Some of the first liquor laws on this continent were designed to punish known problem drinkers and limit their access to alcohol. In the Plymouth Colony drunkenness became illegal in 1635, with the local court soon punishing anyone who sold alcohol to known drunks.[i] I’d like to think that our understanding of substance dependency has evolved considerably since then, but the law doesn’t always reflect that.
Virginia, sticking to its colonial roots, is one of two states that has a law on the books allowing local courts to deem someone a “habitual drunkard.”[ii] The designation, determined by a judge in a civil court (so no right to a public defender like in a criminal court), gives police the right to arrest the person for possessing or buying any alcohol—or acting drunk, smelling like booze, being near an empty can, etc. In practice, this is a form of homeless control. Virginia towns—especially in touristy areas like Virginia Beach—can use the law to round up and jail vagrants, keeping the streets free and clear for the vacationing, socially acceptable drunkards.
If you can’t tell, I don’t think much of this law. It’s brutal, and does no long-term good. Some of these homeless alcoholics—who have life stories straight out of a John Lee Hooker song—have been jailed 20 to 30 times since their designation, which tells me that their time behind bars has not turned them into productive members of society. The Legal Aid Justice Center feels similarly, and recently assisted a group of homeless men in filing a class action suit against the state. The suit, which began in 2016, claims that the law violates due process, equal protection, and cruel & unusual punishment. The case has not gone their way so far. They lost in the lower court, appealed, and lost again in front of a three-judge panel at the fourth circuit court of appeals late last year. In January all fifteen judges of that court reheard the arguments, and a decision is expected soon.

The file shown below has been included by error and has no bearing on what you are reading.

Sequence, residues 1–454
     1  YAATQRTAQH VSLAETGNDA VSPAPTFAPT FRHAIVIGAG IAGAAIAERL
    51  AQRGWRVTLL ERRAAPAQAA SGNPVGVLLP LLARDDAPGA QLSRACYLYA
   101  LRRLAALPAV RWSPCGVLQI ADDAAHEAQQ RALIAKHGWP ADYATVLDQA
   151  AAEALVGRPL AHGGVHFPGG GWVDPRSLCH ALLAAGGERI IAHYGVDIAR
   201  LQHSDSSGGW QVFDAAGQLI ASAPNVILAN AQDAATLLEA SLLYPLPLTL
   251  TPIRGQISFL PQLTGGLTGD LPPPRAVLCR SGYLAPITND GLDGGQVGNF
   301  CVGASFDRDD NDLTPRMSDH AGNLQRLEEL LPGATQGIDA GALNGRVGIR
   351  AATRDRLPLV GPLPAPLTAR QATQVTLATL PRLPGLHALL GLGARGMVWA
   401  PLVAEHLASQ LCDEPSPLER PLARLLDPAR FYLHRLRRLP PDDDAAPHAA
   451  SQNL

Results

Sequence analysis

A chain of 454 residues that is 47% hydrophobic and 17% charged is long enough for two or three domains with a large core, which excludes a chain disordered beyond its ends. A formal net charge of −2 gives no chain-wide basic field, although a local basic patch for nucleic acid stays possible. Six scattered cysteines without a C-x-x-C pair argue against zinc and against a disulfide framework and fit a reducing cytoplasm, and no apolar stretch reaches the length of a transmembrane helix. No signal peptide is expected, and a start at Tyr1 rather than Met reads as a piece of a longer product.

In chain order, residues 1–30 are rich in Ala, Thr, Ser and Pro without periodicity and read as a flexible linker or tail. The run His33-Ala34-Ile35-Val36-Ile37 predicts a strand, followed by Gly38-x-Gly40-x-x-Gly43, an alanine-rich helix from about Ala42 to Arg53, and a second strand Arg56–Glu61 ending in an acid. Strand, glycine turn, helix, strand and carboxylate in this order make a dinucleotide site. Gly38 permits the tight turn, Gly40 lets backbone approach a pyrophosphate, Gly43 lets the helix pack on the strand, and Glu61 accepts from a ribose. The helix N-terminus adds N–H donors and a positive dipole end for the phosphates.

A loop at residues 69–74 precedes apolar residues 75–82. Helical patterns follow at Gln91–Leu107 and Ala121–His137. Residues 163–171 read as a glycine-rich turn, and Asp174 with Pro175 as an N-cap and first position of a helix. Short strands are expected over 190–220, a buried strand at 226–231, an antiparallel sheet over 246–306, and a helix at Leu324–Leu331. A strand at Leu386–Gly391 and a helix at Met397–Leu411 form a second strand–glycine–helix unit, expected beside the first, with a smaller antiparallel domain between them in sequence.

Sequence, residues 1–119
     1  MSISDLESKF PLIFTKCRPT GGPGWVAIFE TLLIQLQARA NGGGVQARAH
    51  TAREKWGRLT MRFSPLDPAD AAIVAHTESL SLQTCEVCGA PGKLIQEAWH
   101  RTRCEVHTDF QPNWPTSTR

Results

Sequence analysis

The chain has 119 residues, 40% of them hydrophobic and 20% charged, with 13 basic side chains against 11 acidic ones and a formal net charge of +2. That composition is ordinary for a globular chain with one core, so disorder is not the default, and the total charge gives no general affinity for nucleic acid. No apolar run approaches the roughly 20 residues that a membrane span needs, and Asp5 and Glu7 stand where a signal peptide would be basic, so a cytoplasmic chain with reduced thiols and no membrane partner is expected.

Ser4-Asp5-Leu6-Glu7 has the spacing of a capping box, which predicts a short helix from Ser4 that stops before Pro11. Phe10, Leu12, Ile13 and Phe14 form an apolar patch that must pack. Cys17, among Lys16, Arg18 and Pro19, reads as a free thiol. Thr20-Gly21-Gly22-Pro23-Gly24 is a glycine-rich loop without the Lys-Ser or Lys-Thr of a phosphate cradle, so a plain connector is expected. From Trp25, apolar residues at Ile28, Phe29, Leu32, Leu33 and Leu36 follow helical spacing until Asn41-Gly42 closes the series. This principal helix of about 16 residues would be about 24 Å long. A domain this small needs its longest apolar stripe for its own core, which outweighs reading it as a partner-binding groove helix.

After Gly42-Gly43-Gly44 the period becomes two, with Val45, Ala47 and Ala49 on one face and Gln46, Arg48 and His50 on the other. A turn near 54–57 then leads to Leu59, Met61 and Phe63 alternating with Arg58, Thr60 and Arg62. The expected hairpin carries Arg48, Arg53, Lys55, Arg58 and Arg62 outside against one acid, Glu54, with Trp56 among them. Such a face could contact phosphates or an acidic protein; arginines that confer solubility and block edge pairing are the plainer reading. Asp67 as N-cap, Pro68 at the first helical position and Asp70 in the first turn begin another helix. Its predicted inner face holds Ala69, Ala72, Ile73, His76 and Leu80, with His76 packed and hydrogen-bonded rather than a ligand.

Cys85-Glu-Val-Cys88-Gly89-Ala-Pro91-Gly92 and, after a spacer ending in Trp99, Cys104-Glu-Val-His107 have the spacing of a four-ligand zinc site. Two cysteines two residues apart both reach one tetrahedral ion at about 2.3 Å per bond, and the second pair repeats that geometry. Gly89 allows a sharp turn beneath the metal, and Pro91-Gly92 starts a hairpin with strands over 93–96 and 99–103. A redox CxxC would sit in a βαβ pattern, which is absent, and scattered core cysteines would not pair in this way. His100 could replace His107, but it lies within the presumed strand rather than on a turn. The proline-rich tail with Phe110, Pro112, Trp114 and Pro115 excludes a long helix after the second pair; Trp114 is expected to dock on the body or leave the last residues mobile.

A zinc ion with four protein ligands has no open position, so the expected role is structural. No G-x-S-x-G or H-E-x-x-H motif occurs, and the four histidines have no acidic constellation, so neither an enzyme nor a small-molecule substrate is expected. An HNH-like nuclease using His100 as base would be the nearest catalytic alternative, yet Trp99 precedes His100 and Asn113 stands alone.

In the case, the plaintiffs/appellants made three arguments. First, they said that the law is cruel and unusual because it “criminalizes the status of being a homeless alcoholic,” something they claim is illegal as per a Supreme Court case called Robinson v. California. The state countered that the law prohibits an act—drinking or possessing alcohol—not a status. Second, they made the due process argument that while the “habitual drunkard” designation is now a civil procedure, it inevitably leads to criminal charges since it makes illegal the symptoms of a disease, so it should be considered a criminal procedure, with all the defendants’ rights that come with that distinction. The defense countered that the difference is clear and proper—individuals are not criminally punished because they are deemed habitual drunkards, they are punished because they broke the law later on, and at that point they have the right to counsel. Finally, they argued that this law singles out homeless people, in violation of equal protection. After all, a non-homeless alcoholic has a nice private place to get their fix. The state replied that since alcohol access is not a fundamental right, and alcoholics not a protected class of people, all the government needs to do is show that there is a rational basis for the law, which they say there is. As I have noted in other articles, when you fight the government under the “rational basis” standard, you usually lose.
This is a dirty, low law that does more harm than good, but my guess would be that the full court finds it legal. It will probably take some public backlash to end it, rather than a court case. In the past, efforts to overturn the law haven’t gone anywhere in the legislature, but this case has shined a light on it. A Public Defender-turned legislator intends to introduce a repeal bill this year; perhaps it will have better luck.
What an upbeat article this turned out to be!
[i] Cheever, “Drinking In America”, p. 26
[ii] The second being the always-reliable Utah